Since that time, substantial new literature has been published relevant to the characterization of TCE hazard and dose response [for a cross-section of recently published research, see U.S. EPA (2004)]. Some of this research is specific to TCE or its metabolites, and some of it describes advances in scientific fields that are more general but that have potential relevance to characterizing the human health risks from TCE. Although some scientific conclusions can be drawn from this updated body of data, speculation as to the impact of these data on the final risk assessment of TCE would be premature at this point, given the ongoing National Academy of Sciences consultation (NAS 2006) and the subsequently planned revision of the U.S. EPA TCE risk assessment. Therefore, the articles in this mini-monograph build on the SOS papers published in 2000 by reviewing recently published literature framed within the context of how it informs a number of key scientific issues believed to be most critical in developing a revised risk assessment. The summaries below briefly describe why these scientific areas are critical to the hazard or dose-response characterization of TCE, how they are or have been scientifically complex or controversial, and recently published scientific literature that may be relevant.

Key Scientific Issues in TCE and Human Health

Complex pharmacokinetics. As discussed in Chiu et al. (2006), understanding TCE pharmacokinetics--absorption, distribution, metabolism, and elimination--is critical to both the qualitative and the quantitative assessments of human health risks from environmental exposures. On a qualitative level, pharmacokinetic information can help identify chemical species that may be toxicologically important, by predicting its presence in target tissues. In addition, the delineation of inter-and intraspecies differences can provide insights into how laboratory animal and epidemiologic data may inform overall human health risks and how individuals may differ in their susceptibility. Quantitatively, this information may allow the development of physiologically based pharmacokinetic (PBPK) models to describe the relationship between external measures of exposure and internal measures of toxicologically relevant dose. For TCE, understanding metabolism is particularly important because, as discussed below, for many end points of observed toxicity, the active agent(s) is thought to be a metabolite(s) rather than the parent compound.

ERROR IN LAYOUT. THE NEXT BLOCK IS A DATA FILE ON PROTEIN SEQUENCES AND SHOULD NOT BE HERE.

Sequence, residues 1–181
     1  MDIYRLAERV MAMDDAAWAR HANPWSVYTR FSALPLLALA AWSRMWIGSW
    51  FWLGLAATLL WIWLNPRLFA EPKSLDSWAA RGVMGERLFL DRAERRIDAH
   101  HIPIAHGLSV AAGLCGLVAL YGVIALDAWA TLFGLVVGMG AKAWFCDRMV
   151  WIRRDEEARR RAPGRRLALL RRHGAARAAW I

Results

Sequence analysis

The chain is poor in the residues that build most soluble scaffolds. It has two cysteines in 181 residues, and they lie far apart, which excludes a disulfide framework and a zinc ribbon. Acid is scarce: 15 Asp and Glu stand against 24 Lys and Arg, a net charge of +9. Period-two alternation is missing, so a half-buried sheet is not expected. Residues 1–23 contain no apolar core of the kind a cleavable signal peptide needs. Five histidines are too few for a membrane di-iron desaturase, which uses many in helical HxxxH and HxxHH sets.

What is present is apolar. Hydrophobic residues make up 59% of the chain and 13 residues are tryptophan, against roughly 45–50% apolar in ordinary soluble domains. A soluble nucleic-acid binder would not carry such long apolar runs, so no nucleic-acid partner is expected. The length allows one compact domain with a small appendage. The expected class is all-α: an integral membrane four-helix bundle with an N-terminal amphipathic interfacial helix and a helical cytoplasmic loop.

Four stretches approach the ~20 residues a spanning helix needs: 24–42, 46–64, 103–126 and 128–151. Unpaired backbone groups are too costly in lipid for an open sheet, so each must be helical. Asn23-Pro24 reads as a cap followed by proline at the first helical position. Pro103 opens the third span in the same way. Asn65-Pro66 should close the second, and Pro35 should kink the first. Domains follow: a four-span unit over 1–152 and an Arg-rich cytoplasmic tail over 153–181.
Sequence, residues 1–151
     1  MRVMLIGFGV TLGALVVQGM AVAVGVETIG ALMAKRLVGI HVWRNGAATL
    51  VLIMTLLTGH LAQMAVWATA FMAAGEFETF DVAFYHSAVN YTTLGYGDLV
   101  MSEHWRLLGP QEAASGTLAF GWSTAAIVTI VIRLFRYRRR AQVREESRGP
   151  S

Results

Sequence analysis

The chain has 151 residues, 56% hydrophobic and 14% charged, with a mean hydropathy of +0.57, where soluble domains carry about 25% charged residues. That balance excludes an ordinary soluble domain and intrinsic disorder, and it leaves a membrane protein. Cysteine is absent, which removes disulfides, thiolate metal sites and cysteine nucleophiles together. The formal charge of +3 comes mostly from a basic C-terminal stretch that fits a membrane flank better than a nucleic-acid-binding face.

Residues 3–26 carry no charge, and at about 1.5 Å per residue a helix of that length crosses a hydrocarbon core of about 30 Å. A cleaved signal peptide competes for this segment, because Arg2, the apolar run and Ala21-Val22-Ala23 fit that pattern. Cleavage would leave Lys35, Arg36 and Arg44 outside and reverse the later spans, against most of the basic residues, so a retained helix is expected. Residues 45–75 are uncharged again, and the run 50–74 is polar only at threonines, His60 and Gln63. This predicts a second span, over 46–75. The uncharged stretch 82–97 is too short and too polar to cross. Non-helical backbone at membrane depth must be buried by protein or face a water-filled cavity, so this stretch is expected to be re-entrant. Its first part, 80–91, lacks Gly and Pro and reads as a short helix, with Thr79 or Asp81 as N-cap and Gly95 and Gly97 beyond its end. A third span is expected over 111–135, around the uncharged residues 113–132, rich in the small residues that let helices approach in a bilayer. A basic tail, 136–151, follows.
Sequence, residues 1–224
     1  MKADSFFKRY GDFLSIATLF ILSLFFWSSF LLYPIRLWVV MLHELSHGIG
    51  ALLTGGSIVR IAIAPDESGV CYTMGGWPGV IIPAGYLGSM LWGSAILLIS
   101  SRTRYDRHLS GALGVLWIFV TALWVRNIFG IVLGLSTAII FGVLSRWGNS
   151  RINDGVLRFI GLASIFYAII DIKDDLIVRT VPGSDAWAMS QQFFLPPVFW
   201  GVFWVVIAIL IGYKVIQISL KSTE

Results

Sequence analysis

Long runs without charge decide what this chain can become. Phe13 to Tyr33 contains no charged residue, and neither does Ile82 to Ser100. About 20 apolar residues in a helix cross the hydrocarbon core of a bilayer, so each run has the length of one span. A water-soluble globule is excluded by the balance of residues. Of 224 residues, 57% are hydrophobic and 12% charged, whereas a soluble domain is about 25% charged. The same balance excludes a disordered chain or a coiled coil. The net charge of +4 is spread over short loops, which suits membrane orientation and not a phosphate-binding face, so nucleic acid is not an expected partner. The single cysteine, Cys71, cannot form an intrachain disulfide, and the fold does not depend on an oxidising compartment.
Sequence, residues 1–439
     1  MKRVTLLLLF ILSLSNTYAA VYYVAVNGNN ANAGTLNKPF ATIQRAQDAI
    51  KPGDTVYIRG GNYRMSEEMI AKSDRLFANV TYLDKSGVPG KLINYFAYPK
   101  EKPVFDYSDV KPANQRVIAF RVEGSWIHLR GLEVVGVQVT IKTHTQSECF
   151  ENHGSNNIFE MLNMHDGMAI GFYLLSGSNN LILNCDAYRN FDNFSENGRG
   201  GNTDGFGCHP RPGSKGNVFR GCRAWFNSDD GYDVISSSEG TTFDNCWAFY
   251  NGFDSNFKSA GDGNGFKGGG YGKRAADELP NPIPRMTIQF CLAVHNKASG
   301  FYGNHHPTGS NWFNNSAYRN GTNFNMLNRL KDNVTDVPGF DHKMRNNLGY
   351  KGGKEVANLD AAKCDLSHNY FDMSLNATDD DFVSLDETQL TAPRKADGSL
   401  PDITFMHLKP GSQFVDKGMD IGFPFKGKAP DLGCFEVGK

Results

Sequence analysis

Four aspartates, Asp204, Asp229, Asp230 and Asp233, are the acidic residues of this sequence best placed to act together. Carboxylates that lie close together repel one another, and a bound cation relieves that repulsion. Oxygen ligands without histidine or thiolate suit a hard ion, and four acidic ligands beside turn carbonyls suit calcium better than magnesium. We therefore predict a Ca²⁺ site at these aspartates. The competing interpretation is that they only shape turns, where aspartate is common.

As described in Lash et al. (2000a), TCE is a volatile, lipophilic organic solvent that is rapidly absorbed and readily distributed throughout the body. TCE is metabolized primarily by two pathways: oxidation via cytochrome P450s and conjugation with glutathione via glutathione S-transferase. There is an extensive database of in vitro and in vivo studies in both humans and laboratory animals related to TCE pharmacokinetics; these data have been used to varying degrees in the development of PBPK models for TCE and its metabolites. Although the general scheme of TCE metabolism is relatively noncontroversial, the questions of which particular metabolites are formed--in what quantities across species and with what toxicologic significance--are some of the key scientific issues about which there are differing perspectives. Chiu et al. (2006) summarizes some of the outstanding scientific uncertainties in TCE pharmacokinetics and PBPK modeling with a focus on insights that recent data and analyses provide on issues of particular importance to supporting risk assessment. For instance, since 2001, there have been several additional TCE-specific PBPK modeling efforts as well as more general methodologic advances in characterizing PBPK model uncertainty and variability. Chiu et al. (2006) concludes that pending the evaluation of a number of additional structural hypotheses, such as enterohepatic recirculation, plasma binding, and flow--or diffusion-limited treatment of tissue distribution, rigorous application of PBPK modeling to risk assessment appears feasible at least for TCE and its major oxidative metabolites, trichloroacetic acid (TCA) and trichloroethanol. However, there are a number of metabolites of potential toxicologic interest, such as chloral, dichloroacetic acid (DCA), or those derived from glutathione conjugation, for which reliable data are sparse because of analytical difficulties or low concentrations in systemic circulation. Without additional data, it will be a challenge to develop reliable dosimetry for such cases.